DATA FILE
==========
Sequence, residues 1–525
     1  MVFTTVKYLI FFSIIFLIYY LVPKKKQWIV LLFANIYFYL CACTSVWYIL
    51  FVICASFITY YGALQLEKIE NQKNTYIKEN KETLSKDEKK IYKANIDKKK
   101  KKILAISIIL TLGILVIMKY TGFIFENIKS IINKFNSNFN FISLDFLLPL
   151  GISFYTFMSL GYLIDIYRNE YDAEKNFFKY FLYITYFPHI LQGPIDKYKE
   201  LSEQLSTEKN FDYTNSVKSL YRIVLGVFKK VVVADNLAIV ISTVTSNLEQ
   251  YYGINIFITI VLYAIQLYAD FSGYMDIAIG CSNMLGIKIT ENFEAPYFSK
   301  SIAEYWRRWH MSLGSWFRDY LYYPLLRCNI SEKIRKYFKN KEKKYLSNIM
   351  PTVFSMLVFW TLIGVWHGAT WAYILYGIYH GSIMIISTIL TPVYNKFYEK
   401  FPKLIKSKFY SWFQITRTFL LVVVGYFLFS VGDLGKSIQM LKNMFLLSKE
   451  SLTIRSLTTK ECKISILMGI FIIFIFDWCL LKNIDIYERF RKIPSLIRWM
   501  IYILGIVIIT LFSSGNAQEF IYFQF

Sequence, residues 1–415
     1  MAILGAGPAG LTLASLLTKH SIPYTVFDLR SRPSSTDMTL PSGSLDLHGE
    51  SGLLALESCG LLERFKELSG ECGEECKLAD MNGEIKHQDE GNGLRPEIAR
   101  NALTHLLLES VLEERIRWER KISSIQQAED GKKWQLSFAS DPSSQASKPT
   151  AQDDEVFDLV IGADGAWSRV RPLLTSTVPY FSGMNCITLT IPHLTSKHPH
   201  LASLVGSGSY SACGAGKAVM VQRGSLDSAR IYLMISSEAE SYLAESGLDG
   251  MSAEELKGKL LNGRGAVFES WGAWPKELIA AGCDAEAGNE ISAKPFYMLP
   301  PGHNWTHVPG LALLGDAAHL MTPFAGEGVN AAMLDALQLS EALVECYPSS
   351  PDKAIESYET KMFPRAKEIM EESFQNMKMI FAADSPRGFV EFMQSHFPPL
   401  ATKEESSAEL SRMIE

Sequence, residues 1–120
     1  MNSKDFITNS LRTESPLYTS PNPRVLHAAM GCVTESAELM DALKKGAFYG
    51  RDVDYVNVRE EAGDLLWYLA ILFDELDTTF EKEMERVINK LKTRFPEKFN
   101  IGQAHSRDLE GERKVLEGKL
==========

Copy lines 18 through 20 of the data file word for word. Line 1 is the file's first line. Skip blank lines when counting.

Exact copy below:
   201  LASLVGSGSY SACGAGKAVM VQRGSLDSAR IYLMISSEAE SYLAESGLDG
   251  MSAEELKGKL LNGRGAVFES WGAWPKELIA AGCDAEAGNE ISAKPFYMLP
   301  PGHNWTHVPG LALLGDAAHL MTPFAGEGVN AAMLDALQLS EALVECYPSS